KINGSTON, Jamaica – Minister of Health and Wellness, Dr. Christopher Tufton says training arrangements are being finalized to facilitate local testing for COVID-19 variants.
Jamaica acquired a genome sequencing machine to test for COVID-19 variants in late October, but testing has not yet commenced.
“Currently, we are finalizing training dates with the manufacturer and selecting the samples that will be used during the training period,” the Health Minister said.
“At the same time, we are in the process of procuring a second sequencer, through leased funding from the Centers for Disease Control and Prevention (CDC) and construction work has begun at National Public Health Laboratory, where this second sequencer will be housed.”
Dr. Tufton said that personnel to facilitate the training are expected in the island shortly.
“We would have liked to have commissioned this machine earlier, but we have to coordinate with the manufacturers and there is a global demand for the training and the experts, who are limited, for commissioning this type of machine. The reports I have from the University Hospital of the West Indies (UHWI) coordinating with the Ministry’s personnel is that, in a sense, we are in a queue, but we do expect that personnel will come in, hopefully, over the next week or so for training to take place,” he added.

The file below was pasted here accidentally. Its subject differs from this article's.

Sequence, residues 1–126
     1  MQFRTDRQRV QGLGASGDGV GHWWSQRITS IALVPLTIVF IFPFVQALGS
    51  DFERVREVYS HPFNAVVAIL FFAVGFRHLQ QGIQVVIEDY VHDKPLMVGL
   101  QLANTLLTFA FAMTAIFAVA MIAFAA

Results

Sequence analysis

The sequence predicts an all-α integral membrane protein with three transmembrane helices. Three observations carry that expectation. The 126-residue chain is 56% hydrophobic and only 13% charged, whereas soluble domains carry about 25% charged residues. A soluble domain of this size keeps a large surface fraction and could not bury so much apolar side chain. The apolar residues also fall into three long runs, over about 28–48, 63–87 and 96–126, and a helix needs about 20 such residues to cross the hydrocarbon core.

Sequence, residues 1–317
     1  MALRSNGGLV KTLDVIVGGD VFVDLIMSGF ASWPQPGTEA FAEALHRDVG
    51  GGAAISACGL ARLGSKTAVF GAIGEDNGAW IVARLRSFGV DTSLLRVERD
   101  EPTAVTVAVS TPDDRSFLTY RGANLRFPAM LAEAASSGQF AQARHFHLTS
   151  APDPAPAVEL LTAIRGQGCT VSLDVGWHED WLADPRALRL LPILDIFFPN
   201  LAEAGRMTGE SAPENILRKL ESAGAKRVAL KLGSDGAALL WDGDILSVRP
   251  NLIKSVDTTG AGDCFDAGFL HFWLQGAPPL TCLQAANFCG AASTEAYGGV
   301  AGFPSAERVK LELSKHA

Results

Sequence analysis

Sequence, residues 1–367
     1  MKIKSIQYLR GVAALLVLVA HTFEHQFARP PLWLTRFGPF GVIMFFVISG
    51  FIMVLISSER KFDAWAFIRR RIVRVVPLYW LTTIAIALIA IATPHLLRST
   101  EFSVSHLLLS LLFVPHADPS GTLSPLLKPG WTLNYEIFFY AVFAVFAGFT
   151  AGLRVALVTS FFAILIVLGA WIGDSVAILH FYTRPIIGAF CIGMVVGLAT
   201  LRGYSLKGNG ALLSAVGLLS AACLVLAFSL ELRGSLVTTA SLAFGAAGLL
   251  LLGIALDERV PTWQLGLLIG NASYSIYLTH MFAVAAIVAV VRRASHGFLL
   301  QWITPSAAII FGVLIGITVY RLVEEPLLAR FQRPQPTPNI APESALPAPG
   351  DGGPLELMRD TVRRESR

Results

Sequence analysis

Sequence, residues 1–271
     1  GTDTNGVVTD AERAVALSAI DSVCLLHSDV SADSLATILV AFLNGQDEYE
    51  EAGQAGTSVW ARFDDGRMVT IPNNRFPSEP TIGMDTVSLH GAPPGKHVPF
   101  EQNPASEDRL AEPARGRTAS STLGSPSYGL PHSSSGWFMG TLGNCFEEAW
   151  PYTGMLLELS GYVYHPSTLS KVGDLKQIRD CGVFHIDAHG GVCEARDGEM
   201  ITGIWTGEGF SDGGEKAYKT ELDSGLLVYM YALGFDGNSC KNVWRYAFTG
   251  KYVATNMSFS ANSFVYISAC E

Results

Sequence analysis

The Minister noted that as those details are being finalized, the Ministry continues to collaborate with the Pan American Health Organization (PAHO), CDC and Caribbean Public Health Agency (CARPHA) to send samples for genome sequencing.
For this week, the Ministry has sent some 49 samples to PAHO, 80 to CDC and 20 to CARPHA.